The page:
The Scarlet L̶e̶t̶t̶e̶r̶ Wafer Scar

In Dracula, Bram Stoker sets up a contrast between good and evil that persists throughout the story, which is represented by Mina Harker and Dracula. Before Mina makes her speech after the men return from their failed attempt at capturing Dracula, Dr. Seward writes a commentary on her appearance and character (Stoker 328). He opens with an observation of “that sweet, sweet, good, good woman in all the radiant beauty of her youth and animation.” The pronounced repetition of “sweet” and “good” drives home the idea that Mina is the most pure, innocent, perfect woman. Throughout the story, Mina is presented in this idealized light; she can do no wrong, and she is adored by all who surround her because of her everlasting kindness and devotion to her friends. She represents a double symbol within the book: she epitomizes both the concept of pure goodness and the idea of the perfect woman.

Mina’s foil is Dracula, who embodies evilness. While Dracula is a centuries-old, Undead, foreign vampire, Mina is a young, healthy, properly English woman. Throughout the story, these characters remain perfect opposites, but the lines between them are blurred when Dracula begins to feed on Mina. This relationship is solidified when Mina is branded with the sacred wafer, leaving a glaring red scar on her forehead. This scar serves as a symbol of Mina’s “taintedness,” how her perfect purity has been marred by evil. The scar itself is explicitly recognized as a symbol by Seward, who writes, “we, knowing that so far as symbols went, she with all her goodness and purity and faith, was outcast from God.” Even though Mina is still just as kind and loving as ever, the scar has marked her as impure and has thus made her unholy. This binds her even more closely to Dracula, who has been established as an anti-God character throughout the novel.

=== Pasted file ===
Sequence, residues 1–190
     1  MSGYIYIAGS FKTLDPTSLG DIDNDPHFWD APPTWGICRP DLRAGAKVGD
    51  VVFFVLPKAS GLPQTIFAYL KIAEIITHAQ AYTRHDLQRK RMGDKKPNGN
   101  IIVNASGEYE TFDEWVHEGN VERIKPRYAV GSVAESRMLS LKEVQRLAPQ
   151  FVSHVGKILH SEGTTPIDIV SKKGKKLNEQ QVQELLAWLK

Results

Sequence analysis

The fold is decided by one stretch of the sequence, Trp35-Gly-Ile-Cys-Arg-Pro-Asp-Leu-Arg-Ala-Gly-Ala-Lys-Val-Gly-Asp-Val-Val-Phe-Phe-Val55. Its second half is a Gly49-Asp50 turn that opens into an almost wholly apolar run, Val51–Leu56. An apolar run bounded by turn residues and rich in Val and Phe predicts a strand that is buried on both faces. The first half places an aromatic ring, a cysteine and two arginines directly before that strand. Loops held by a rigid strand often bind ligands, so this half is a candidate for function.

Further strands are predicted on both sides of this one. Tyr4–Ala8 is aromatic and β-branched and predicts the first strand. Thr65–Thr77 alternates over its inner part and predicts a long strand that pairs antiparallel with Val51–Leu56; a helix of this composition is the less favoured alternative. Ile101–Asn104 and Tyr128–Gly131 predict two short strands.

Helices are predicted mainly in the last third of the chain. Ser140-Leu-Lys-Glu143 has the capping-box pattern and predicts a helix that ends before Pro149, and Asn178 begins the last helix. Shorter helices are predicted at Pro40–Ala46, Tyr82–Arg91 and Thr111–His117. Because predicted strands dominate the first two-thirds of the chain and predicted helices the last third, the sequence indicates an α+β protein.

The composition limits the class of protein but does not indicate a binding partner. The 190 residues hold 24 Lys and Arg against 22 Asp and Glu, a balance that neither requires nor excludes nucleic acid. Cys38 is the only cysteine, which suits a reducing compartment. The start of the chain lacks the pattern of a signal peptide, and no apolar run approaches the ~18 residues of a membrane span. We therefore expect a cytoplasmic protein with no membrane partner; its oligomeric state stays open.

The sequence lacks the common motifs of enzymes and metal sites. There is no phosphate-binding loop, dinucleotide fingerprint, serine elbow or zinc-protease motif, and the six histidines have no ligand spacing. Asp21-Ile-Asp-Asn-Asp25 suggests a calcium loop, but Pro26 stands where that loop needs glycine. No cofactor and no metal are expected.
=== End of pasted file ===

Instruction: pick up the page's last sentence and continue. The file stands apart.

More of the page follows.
Dracula and Mina’s foil pairing and the tragedy of their connection represent the Victorian fear of the invasion of the foreign as a threat to the purity of English women. More broadly, it represents the contrast between good and evil, specifically in the context of religion. Stoker presents the fall of Mina, and her eventual redemption, as a word of warning that pure goodness must be protected from the unholy touch of evil.

Godless at Sea

The story of Dracula investigates the safety of the domestic, which is threatened by the unknown. This reflects the fears of the Victorian era, as imperialism raised worries about the dangers of the foreign. The character of Dracula is the centermost example of this binary, but it is explored as well in various other characters and scenes.